The Frightening Truth about Abuse-Deterrent Painkillers

The Frightening Truth about Abuse-Deterrent Painkillers

These Pills are Still Dangerous!

I recently read a New York Times article that sent chills down my spine. It focused on many of the new abuse-deterrent painkillers and how, despite extensive testing and precautions, they’re still being abused.

opioid epidemic
image via Flickr user mattza

What this means in practical terms is that America’s opioid epidemic is far from being over. Despite numerous claims that abuse-deterrent pills will herald a new era, this doesn’t seem to be the case.

The Time’s article briefly profiled Anthony DiTullio. He continued to abuse OxyContin even after the pills became abuse-deterrent in 2010. His solution to the pill’s so called “abuse-proof” measures? Chew and grind the pills between his teeth for a half hour.

DiTullio isn’t alone in his methods either. Addicts across the country continue to get high from Oxys and other abuse-deterrent painkillers. There’s no hard data on the prevalence of this yet. Remember, it’s only been since the late aughts that pharmaceutical companies began making their pills difficult to abuse.

There are various studies out there that confirm abuse-deterrent measures have in fact decreased abuse. Still, these same studies point out that many addicts simply switched to heroin or other, easier to abuse pills.

Overall, many health officials are worried that these abuse-deterrent drugs are simply lulling the public into a false sense of security. They’re worried that pharmaceutical companies have only placed a Band-Aid over the wound and an ineffective Band-Aid at that.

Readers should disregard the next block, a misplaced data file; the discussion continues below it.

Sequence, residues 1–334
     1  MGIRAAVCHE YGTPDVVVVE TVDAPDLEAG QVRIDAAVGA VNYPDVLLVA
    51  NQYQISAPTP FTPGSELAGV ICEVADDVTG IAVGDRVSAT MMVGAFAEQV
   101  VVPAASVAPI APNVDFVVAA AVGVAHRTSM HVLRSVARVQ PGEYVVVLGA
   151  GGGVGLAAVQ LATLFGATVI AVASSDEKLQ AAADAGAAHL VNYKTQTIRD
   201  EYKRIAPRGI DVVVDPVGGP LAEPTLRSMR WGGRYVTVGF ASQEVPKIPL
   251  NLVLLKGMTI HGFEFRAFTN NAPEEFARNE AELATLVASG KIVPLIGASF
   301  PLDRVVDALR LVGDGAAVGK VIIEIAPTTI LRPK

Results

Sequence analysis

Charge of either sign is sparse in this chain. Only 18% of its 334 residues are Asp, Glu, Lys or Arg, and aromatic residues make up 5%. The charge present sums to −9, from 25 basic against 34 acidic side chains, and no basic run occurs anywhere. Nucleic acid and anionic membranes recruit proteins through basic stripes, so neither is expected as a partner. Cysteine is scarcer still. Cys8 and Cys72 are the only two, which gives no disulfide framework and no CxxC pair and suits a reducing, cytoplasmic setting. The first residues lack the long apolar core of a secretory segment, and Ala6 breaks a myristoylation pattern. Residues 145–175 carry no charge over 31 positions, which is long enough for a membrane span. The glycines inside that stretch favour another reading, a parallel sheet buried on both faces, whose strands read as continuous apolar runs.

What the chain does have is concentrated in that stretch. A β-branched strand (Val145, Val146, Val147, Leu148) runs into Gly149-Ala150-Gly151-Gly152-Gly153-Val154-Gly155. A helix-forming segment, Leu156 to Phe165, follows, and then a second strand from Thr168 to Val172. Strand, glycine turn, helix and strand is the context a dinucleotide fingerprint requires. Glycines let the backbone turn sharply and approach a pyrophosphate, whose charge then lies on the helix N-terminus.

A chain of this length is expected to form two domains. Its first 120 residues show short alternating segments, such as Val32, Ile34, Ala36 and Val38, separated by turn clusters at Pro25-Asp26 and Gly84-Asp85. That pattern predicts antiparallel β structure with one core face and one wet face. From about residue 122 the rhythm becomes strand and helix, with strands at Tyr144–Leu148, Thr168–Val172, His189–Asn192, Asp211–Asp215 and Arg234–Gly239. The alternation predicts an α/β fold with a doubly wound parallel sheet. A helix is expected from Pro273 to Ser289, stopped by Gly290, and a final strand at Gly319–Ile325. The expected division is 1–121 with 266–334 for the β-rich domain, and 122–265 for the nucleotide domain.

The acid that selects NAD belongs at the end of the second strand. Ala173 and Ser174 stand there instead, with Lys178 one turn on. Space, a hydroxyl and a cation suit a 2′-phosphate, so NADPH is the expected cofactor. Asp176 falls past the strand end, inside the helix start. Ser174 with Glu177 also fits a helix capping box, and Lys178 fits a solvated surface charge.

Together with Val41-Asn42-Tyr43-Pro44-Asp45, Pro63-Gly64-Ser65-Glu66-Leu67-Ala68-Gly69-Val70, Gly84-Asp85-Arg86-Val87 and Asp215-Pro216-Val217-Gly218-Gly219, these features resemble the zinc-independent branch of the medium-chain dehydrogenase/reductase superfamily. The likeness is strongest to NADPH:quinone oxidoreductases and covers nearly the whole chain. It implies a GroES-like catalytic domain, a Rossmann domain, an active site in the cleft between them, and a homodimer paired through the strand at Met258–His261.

Let’s explore some of the larger points the Times article raises and see if things are really as bleak as they seem.

Do painkillers make someone more likely to “snap?”

The Limits of Abuse-Deterrent Pills

First and foremost, abuse-deterrent versions of popular painkillers like OxyContin and Vicodin are a step in the right direction. Still, there’s a limit to just how well these formulations work.

Take, for example, the recent HIV outbreak in Indiana. This was triggered by a number of individuals crushing and injecting the powerful painkiller Opana (hydromorphone).

Seems tragic though fairly normal, right? It is, until you consider that until recently Opana was marketed as difficult, if not downright impossible, to abuse via injection. In fact, the FDA ruled in 2013 that Endo Pharmaceuticals, the manufacturer of Opana, had to remove the abuse-deterrent label from its packaging.

When asked about whether these abuse-deterrent formulas really worked, Anthony DiTullio had the following to say,

“I would definitely say that OxyContin is harder to abuse than it used to be — it was a pain in the neck…No matter what they [pharmaceutical companies] do, there’s always going to be a way for people to get whatever they want in their system” (The New York Times).

When you consider the size of the opioid market, DiTullio’s claim becomes downright terrifying. Upwards of 210 million opioid prescriptions were written in 2014. According to Express Scripts, a minuscule 1.4% of these were filled for abuse-deterrent versions.

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Other Limits of “Safe” Pills